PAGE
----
If you're seeing this message, it means we're having trouble loading external resources on our website.

If you're behind a web filter, please make sure that the domains *.kastatic.org and *.kasandbox.org are unblocked.

Main content

The complex plane

Learn what the complex plane is and how it is used to represent complex numbers.
The Imaginary unit, or i, is the number with the following equivalent properties:
  • i2=1
  • 1=i
A complex number is any number that can be written as a+bi, where i is the imaginary unit and a and b are real numbers.
a is called the real part of the number, and b is called the imaginary part of the number.

The complex plane

Just like we can use the number line to visualize the set of real numbers, we can use the complex plane to visualize the set of complex numbers.
A coordinate plane where the x-axis is labeled the real axis and the y-axis is labeled the imaginary-axis. Both axes are scaled by one.
The complex plane consists of two number lines that intersect in a right angle at the point (0,0).
The horizontal number line (what we know as the x-axis on a Cartesian plane) is the real axis.
The vertical number line (the y-axis on a Cartesian plane) is the imaginary axis.

Plotting a complex number

Every complex number can be represented by a point in the complex plane.
For example, consider the number 35i. This number, also expressed as 3+(5)i, has a real part of 3 and an imaginary part of 5.
The location of this number on the complex plane is the point that corresponds to 3 on the real axis and 5 on the imaginary axis.
A coordinate plane where the x-axis is labeled the real axis and the y-axis is labeled the imaginary-axis. Both axes are scaled by one. A point is at (three, negative five i). A vertical dashed line extends from the three on the real axis to the point and a horizontal line extends from negative five on the imaginary-axis to the point.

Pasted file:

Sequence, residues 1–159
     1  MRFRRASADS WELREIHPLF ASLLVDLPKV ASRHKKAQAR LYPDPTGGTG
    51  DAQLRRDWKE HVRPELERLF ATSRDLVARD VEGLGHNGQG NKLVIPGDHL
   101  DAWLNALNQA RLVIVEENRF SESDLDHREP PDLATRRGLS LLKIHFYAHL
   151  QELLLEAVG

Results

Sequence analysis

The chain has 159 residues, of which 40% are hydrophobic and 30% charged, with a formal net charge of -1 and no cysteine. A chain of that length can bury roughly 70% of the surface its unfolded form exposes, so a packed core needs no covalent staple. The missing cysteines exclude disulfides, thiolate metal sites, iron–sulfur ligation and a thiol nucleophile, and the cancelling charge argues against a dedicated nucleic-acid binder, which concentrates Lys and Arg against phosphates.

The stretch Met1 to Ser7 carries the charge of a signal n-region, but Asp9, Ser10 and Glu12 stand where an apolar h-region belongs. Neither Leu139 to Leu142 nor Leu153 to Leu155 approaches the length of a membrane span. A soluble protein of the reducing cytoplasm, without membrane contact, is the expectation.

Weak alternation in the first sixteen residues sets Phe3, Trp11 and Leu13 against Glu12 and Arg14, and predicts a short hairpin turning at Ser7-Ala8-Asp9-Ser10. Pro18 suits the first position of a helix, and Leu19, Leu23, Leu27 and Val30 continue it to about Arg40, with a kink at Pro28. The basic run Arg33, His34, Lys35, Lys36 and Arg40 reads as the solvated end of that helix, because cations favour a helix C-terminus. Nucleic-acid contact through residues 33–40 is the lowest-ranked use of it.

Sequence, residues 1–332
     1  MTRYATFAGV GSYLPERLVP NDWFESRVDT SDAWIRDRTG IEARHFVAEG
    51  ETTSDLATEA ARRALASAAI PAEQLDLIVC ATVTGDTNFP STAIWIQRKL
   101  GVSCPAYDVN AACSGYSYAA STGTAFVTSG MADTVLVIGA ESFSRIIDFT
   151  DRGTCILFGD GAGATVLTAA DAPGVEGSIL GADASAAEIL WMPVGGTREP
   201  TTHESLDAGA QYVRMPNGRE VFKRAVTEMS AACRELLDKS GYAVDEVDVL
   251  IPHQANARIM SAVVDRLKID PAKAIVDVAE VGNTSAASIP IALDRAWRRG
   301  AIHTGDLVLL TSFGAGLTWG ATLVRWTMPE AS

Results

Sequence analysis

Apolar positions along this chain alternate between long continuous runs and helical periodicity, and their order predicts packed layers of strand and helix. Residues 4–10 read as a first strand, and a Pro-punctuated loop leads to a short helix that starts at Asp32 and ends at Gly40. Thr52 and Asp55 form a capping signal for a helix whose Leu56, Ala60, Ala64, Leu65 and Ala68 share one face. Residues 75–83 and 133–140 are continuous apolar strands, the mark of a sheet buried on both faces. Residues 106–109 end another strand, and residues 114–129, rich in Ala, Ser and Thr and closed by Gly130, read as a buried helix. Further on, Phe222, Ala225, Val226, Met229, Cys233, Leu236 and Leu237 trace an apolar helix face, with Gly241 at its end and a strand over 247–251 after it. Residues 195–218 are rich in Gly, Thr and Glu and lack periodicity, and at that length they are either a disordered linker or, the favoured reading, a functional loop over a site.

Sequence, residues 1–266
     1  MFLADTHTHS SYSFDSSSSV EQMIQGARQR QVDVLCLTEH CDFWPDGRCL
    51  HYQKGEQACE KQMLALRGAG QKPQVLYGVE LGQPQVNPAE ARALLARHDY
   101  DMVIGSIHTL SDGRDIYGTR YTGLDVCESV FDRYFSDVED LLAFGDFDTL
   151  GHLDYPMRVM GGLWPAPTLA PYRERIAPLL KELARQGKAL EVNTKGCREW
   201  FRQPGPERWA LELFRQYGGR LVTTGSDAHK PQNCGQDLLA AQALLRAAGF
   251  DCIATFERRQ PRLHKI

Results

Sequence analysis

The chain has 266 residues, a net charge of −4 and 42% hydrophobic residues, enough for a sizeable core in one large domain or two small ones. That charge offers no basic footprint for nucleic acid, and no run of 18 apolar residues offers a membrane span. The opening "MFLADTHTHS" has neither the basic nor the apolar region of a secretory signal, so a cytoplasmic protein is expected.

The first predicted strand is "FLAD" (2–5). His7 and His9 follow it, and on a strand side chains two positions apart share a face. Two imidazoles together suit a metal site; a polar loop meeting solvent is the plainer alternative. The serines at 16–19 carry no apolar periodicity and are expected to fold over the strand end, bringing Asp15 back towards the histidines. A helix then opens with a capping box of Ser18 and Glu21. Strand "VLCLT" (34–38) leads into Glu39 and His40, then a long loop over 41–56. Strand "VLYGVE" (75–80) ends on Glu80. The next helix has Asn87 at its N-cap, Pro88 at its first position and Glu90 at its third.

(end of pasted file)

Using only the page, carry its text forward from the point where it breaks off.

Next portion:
So the number 3+(5)i is associated with the point (3,5). In general, the complex number a+bi corresponds to the point (a,b) in the complex plane.

Check your understanding

Problem 1
Plot the complex number 4+7i.

Problem 2
Plot the complex number 6i+1.

Problem 3
Plot the complex number i3.

Problem 4
Plot the complex number 4i.

Problem 5
Plot the complex number 7.

Connections to the real number line

In Pythagoras's days, the existence of irrational numbers was a surprising discovery! They wondered how something like 2 could exist without an accurate complete decimal expansion.
The real number line, however, helps rectify this dilemma. Why? Because 2 has a specific location on the real number line, showing that it is indeed a real number. (If you take the diagonal of a unit square and place one end on 0, the other end corresponds to the number 2.)
Likewise, every complex number does indeed exist because it corresponds to an exact location on the complex plane! Perhaps by being able to visualize these numbers, we can understand that calling these numbers "imaginary" was an unfortunate misnomer.
Complex numbers exist and are very much a part of mathematics. The real number line is simply the real axis on the complex plane, but there is so much beyond that single line!

Want to join the conversation?